It’s my opinion that the fundamental reason why job descriptions and job ads suck is: Good writing is simply not valued.
At least not when it comes to recruiting.
More specifically, they (founders, hiring managers, recruiters) aren’t willing to:
a) do what it takes to become good writers themselves; and/or
b) invest in writing support and pay what highly-skilled writing is worth.
Here’s a little secret: Good writing is worth a lot—and it should be priced accordingly.
Instead, what’s most common are half-assed efforts that check the “anything is better than nothing” box. Because after all, using the ATS’s template instead of hiring a copywriter is faster, cheaper, and less work—for you.
These lazy efforts usually follow the SHOCK and dismissiveness about what it takes to write a really good job ad and job description.
To all the founders, hiring managers, and recruiters out there, writing a proper job ad and job description is a ton of work. Words don’t just appear on a page. It takes discovery to source information, establish context, and find nuances. It takes internal interviews with key stakeholders. It requires multiple rounds of edits and reviews. It involves your active participation. (Yeah, you have to do your part too.)
When it comes down to it, the value being placed on good writing just isn’t there. However, the complaining about how terrible job ads and job descriptions are certainly is. Which makes this all the more frustrating.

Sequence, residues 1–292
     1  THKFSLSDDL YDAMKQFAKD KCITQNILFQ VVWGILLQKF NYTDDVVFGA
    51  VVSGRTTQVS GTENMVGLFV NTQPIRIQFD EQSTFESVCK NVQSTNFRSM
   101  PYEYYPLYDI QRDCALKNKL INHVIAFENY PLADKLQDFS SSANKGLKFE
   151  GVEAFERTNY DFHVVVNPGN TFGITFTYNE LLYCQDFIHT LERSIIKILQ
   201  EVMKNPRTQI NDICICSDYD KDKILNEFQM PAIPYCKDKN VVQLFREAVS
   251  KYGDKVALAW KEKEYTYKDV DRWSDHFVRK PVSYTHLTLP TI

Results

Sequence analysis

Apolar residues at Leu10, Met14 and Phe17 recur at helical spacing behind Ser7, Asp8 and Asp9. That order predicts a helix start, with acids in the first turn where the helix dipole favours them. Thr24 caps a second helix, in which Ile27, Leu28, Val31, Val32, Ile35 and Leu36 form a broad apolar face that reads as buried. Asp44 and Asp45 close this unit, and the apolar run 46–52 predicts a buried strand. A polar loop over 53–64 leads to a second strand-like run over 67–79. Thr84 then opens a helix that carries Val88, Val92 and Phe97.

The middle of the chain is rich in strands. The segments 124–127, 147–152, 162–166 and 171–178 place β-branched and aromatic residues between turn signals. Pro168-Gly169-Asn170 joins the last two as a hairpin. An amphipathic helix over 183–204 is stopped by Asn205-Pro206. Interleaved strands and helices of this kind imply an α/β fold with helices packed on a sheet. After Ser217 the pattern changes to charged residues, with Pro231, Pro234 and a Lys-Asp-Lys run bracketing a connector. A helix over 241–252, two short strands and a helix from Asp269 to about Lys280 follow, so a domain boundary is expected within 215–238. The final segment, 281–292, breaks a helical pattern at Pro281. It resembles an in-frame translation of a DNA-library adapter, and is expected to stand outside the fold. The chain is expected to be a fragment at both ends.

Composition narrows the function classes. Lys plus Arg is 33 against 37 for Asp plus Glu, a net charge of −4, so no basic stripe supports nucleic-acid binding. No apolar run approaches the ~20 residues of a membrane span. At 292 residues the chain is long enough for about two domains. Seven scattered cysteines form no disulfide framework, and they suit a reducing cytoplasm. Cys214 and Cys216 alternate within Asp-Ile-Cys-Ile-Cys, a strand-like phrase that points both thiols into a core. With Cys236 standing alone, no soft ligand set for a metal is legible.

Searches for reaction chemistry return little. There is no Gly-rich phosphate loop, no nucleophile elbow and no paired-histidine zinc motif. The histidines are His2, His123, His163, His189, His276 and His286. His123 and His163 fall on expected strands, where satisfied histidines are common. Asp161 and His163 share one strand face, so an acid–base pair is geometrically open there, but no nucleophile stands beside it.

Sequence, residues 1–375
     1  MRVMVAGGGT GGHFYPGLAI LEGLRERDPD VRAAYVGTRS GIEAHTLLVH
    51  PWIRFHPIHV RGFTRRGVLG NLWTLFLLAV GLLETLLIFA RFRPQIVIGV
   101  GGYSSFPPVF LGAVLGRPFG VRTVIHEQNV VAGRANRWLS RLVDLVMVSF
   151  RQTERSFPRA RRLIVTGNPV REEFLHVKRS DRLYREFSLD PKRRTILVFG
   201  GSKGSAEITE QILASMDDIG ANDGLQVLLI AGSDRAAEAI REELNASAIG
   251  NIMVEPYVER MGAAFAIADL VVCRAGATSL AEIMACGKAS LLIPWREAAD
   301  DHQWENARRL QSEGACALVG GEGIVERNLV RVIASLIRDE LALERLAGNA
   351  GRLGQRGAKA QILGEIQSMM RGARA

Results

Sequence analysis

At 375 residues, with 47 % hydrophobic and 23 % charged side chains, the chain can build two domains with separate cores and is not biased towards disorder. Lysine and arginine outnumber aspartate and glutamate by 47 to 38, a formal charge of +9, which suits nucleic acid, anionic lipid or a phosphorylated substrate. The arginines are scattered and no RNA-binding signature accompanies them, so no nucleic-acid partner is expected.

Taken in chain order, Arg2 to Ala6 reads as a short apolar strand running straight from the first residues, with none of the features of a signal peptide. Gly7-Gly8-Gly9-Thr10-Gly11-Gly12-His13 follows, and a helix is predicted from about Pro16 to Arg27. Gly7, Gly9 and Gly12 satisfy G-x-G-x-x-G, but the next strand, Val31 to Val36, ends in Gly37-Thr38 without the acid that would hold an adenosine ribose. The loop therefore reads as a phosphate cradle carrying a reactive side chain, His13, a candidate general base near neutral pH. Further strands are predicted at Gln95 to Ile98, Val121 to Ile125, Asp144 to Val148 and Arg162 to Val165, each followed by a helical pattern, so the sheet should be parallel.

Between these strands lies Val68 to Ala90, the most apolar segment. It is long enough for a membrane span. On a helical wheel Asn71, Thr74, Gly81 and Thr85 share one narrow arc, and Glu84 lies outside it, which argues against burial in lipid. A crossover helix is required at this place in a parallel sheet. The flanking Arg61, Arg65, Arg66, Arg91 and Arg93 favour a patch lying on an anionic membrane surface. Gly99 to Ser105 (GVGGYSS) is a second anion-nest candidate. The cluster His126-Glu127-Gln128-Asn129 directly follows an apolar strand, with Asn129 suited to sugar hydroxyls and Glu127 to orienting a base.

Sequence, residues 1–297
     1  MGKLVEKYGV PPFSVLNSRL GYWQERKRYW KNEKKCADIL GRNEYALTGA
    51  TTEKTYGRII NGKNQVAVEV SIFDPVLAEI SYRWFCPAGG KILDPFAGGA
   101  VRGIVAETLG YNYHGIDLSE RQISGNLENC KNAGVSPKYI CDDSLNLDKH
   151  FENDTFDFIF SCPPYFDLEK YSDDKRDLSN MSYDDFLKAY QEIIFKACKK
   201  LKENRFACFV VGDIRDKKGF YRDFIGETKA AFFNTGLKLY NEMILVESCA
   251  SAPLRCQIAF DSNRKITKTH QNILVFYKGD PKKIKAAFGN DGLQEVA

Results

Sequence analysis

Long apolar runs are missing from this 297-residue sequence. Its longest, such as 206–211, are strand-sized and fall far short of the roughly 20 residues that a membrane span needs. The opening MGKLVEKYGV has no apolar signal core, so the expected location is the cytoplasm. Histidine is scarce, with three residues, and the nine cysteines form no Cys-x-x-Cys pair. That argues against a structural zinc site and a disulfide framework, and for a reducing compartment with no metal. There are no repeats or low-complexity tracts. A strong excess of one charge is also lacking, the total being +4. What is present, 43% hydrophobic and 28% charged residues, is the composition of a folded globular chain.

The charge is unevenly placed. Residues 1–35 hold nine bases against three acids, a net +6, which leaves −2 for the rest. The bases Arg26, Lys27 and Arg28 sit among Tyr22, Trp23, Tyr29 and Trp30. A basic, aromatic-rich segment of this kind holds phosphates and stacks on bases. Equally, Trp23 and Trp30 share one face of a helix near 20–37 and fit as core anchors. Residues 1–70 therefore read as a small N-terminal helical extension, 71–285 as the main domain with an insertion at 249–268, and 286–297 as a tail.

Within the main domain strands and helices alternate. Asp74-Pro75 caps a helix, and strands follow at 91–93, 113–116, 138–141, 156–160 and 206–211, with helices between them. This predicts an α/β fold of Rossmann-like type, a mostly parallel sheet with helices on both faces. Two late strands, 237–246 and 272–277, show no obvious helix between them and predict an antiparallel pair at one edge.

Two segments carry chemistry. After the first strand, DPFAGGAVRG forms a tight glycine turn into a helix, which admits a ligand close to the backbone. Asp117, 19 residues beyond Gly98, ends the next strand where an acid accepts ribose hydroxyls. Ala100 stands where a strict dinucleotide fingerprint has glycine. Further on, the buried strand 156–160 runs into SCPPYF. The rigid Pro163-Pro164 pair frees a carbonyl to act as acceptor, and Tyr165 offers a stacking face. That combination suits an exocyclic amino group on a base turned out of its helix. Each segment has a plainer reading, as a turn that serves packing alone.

Lazy and cheap is not a winning formula. Add to this the complainers who aren’t willing to invest in fixing the problem and you’ll find the enablers of a system that doesn’t reward nor value creativity. And as the enablers, their complaints don’t count.
While most of us will agree that the current state of resumes and JDs suck—and are outdated ways for companies and candidates to meet—we need to acknowledge the real culprits here:
Jobs boards and LinkedIn.
Job boards and LinkedIn profit off the motion of resume + JD = apply now.
Follow the money trail and that’s what it boils down to.
So long as these two pieces of virtual paper continue spitting out piles of cash for the legacy recruiting platforms, they’re here to stay. And as a result, the recruiting process will continue to be fraught with friction.
FTR, I think that a well-written job ad and JD is a valuable part of the recruitment process. The transfer of this information feels relevant and necessary—at least for now. That said, evolution and modernization in this area are needed. And I tip my cap to those doing top-shelf work in this area.